The knees are engaged during almost all yoga postures. (Info from Prevent Yoga Injury.com)
Two main issues for knee pain or discomfort:
1) Discomfort or pain when direct pressure of body weight is placed on the knee joints and patella as in Table Pose, Camel, Cat, and Cow Poses to name a few. For this type of knee issue, simply and cushioning under the knees for support. This can be a blanket or a fold in your yoga mat, etc.
2) Discomfort or pain when the joint is taken beyond a comfortable range of motion. Some examples may include: Full lotus, Child’s Pose, Pigeon, Low Lunge, Hero pose .
The good news is that just about every asana can be modified to accommodate a knee injury, pain or discomfort with a few simple props that are commonly available in studios. Students may have to try several different modifications before finding the one that provides comfort, so trial and error is in order.
Yoga blankets, blocks and bolsters are standard props in studios. If you experience discomfort when applying direct pressure modify by simply folding the blanket and placing under the knee to provide additional cushion. If extreme flexion of the knee causes pain or discomfort (think Child’s or Hero) then you can sit up on the block or bolster or roll the blanket up and place it between your lower calf and thigh close to your bottom to reduce the bend in the knee. You don’t need a “yoga” blanket or bolster necessarily, if you have a home practice, any thick throw blanket or extra firm pillow will do.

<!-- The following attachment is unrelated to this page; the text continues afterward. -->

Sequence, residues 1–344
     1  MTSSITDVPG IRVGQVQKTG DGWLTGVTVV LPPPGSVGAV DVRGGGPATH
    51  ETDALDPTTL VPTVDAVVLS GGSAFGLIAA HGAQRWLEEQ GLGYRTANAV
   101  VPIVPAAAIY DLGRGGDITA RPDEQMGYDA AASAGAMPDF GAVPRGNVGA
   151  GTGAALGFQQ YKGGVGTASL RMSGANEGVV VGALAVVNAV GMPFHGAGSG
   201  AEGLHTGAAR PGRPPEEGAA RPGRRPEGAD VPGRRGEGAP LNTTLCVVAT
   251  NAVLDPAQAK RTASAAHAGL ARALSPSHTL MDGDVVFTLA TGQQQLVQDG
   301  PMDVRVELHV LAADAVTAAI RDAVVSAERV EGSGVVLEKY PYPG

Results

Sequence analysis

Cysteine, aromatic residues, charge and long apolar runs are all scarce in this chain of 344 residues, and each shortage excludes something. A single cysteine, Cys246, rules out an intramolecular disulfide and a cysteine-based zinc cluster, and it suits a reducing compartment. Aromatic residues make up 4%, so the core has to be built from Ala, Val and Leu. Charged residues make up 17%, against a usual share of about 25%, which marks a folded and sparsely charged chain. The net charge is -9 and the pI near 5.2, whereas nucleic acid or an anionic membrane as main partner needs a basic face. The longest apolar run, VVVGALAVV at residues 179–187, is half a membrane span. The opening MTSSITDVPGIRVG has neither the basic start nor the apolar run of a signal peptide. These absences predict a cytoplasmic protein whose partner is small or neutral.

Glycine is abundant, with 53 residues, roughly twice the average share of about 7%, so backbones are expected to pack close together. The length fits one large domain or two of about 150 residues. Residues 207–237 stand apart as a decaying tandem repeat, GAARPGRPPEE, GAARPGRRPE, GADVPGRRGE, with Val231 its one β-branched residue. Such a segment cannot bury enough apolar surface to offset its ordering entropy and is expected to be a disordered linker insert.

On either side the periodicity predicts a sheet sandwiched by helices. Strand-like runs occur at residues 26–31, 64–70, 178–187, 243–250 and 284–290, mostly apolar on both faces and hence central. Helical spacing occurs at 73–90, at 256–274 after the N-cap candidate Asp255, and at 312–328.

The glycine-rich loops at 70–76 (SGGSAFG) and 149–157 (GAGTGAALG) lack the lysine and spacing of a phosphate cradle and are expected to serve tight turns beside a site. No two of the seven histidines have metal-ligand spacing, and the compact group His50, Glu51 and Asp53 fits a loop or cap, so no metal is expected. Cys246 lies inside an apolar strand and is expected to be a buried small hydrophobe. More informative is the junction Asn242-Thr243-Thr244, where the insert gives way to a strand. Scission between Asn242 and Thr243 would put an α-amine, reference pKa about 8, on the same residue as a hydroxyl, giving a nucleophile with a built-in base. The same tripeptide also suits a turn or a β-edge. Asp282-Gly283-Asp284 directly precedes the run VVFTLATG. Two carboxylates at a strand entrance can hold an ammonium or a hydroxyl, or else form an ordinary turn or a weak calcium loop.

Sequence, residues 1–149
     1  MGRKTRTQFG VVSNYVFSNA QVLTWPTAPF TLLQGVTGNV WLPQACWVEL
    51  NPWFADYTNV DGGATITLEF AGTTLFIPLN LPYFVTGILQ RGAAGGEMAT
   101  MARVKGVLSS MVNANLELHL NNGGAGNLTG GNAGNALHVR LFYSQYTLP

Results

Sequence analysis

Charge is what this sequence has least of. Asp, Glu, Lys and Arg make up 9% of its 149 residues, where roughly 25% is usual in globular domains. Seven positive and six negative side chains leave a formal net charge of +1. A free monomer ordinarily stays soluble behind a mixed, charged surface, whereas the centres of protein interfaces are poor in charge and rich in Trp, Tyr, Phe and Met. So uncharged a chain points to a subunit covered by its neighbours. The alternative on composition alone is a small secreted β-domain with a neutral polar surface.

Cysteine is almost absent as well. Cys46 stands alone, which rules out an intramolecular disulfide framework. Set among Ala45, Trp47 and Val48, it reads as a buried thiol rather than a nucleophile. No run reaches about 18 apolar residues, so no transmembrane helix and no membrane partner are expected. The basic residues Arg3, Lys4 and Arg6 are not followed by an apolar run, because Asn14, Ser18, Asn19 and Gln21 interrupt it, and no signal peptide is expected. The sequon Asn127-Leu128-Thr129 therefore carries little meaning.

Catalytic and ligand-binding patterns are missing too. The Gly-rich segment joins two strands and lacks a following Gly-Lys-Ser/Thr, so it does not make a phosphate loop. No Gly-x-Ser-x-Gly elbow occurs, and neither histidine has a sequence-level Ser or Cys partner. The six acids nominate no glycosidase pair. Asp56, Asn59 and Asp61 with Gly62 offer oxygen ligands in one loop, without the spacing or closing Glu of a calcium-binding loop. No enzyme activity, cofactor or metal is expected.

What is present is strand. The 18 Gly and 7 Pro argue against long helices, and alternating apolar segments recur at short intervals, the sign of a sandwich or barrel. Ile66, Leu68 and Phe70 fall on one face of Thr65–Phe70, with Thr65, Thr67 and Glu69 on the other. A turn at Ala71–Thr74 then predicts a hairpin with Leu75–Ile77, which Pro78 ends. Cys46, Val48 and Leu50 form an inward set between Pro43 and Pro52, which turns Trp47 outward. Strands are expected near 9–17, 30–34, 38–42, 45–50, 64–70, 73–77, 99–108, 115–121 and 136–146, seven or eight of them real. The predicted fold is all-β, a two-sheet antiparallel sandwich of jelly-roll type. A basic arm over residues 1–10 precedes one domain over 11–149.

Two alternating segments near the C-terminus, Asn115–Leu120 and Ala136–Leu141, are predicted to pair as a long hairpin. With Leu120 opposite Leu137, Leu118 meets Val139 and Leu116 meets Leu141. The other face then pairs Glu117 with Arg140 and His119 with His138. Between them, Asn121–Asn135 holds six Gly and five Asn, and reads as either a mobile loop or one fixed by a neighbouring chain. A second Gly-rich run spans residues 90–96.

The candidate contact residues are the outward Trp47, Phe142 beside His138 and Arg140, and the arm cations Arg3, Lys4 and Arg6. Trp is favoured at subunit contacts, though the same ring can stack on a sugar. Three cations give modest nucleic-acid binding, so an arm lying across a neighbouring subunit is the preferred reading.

Remember, even when you go to a yoga class at a studio or gym, it’s your practice. The teacher and the students around you can’t feel what’s going on in your body, only you can, so listen to it and respond accordingly. Never feel embarrassed or judged for using a prop or an aid or skipping an asana altogether, if that’s what you need to do. At the end of the day, you are responsible for your own yoga safety. Take care of yourself.
If you’ve ever experienced knee pain—or, worse luck, a chronic knee problem—you know how frustrating and limiting it can be. Unfortunately, it’s not unusual for yoga students to practice asanas with small misalignments in the knee. Repeated over months and years, these small misalignments can contribute to pain and long-term joint problems. On the other hand, yoga poses practiced with conscious good alignment of the leg bones and joints can be a wonderful tool for building strong, healthy knees.